Dyeing Of PET Fibre Using Supercritical Carbon Dioxide (SCCO2)

What is supercritical fluid?

Any gas that is above its critical temperature is able to retain the free mobility of gaseous state but if pressure is increased its density will tend to increase towards liquid. Such highly compressed gases are supercritical fluids and that is the reason they are able to combine properties of both liquid and gas. As shown in phase diagram below.



The textile industry is believed to be one of the biggest consumers of water. On average an estimated 100 kg of water is needed to process 1 kg of textile material. Water is used as a solvent in many pretreatment and finishing processes, such as washing, scouring, bleaching and dyeing. Although there have been efforts to reduce the water input such as altering conventional equipment, recycling water and reusing wastewaterwater usage is still high in the textile industry. Non-aqueous systems of dyeing can reduce or completely eliminate the amount of water used. Reducing water use provides environmental benefits as well as cost savings. Among the most promising of the non-aqueous systems is the use of supercritical carbon dioxide (CO2).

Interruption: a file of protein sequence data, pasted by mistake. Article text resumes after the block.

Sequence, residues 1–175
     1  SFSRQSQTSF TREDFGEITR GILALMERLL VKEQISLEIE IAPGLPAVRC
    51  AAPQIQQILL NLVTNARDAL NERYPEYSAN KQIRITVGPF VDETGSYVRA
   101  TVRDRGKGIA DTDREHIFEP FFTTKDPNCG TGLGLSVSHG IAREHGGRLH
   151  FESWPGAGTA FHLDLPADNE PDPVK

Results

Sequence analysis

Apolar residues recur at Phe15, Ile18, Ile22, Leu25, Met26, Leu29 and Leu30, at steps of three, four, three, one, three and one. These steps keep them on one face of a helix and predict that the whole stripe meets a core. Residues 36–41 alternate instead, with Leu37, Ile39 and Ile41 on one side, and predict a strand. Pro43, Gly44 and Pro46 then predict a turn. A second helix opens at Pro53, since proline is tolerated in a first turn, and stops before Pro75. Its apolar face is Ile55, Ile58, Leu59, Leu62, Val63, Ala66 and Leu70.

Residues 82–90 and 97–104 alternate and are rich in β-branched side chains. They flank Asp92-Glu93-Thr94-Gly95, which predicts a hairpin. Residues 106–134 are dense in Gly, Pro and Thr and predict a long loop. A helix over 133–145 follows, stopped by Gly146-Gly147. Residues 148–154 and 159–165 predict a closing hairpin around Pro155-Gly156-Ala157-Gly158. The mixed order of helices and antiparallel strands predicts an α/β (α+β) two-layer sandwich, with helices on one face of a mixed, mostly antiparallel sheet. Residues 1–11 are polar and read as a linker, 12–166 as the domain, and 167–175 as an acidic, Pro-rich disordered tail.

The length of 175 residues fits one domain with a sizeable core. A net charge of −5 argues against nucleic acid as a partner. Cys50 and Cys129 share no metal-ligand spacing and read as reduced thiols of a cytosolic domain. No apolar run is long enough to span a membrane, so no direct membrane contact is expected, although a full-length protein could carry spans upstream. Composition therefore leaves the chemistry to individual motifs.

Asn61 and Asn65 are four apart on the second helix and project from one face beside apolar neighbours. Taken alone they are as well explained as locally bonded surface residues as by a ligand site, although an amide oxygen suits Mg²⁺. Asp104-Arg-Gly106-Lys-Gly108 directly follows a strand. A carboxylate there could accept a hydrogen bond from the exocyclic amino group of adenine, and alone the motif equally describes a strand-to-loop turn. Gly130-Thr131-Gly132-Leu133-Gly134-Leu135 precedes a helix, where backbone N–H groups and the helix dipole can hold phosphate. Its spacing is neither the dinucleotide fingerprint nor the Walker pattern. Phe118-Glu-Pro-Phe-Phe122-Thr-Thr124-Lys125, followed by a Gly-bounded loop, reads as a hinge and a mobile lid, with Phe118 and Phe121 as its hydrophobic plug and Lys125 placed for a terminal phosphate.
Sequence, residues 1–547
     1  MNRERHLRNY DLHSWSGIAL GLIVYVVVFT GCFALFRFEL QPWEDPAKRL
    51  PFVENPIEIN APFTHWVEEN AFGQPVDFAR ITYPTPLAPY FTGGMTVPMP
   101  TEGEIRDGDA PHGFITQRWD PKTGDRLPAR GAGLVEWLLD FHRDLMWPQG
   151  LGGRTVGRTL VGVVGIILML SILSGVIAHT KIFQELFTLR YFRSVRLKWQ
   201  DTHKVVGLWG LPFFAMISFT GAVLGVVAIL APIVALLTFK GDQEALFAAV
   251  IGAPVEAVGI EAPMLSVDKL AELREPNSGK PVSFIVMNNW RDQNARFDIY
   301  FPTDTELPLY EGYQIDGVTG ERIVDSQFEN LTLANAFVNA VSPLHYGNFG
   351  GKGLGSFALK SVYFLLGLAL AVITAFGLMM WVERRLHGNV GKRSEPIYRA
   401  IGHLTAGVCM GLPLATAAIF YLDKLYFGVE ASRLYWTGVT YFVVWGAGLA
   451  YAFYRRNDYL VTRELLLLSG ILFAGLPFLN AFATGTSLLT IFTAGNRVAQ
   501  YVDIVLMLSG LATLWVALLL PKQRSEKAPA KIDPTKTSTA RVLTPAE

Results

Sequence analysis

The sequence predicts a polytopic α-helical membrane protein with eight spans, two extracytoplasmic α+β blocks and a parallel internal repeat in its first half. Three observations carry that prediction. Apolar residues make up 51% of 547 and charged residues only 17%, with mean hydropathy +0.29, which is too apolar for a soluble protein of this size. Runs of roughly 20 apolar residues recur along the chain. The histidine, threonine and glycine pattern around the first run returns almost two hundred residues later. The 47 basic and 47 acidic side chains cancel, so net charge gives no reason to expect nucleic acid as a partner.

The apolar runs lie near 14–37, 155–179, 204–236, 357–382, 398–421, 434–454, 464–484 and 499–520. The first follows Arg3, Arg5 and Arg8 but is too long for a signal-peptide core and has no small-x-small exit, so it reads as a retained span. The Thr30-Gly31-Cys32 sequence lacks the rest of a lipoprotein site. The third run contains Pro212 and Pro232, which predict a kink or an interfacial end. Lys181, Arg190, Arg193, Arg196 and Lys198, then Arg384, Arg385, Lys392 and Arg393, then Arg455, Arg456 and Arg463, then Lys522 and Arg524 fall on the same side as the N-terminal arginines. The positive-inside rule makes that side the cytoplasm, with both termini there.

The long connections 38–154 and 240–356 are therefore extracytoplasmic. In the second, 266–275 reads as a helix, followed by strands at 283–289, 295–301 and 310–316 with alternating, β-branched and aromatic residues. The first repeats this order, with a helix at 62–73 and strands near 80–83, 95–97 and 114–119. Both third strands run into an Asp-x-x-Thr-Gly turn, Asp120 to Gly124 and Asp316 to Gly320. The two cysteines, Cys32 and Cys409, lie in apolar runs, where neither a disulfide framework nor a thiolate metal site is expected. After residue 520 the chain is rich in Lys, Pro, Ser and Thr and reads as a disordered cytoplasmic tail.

Concern over volatile organic solvent emissions and the generation of aqueous waste streams has prompted a number of chemists and chemical engineers to seek new, cleaner methods for polymer synthesis1 and polymer processing. The use of supercriticalcarbon dioxide (scCO2) has attracted particular attention in both of these areas for the following reasons:

  1. CO2 is non-toxic, non-flammable,chemically inert, and inexpensive.
  2. Supercritical conditions are easily obtained: Tc (CO2) = 31.1C; Pc,(CO2) = 73.8 bar.
  3. The solvent may be removed by simple depressurisation.
  4. The density of the solvent can be tuned by varying the pressure
  5. Many polymers become highly swollen and plasticised in the presence of CO2.


Other advantages of the supercritical CO2 dyeing process are:

  • Contaminated waste water streams are not produced.
  • Dispersants are not required to solubilize a disperse dye in water.
  • Solubilities are controllable by pressure, allowing control of the dyeing intensity and color.
  • Take-up of carbon dioxide by the polymer fiber causes it to swell slightly giving faster diffusion within the polymer.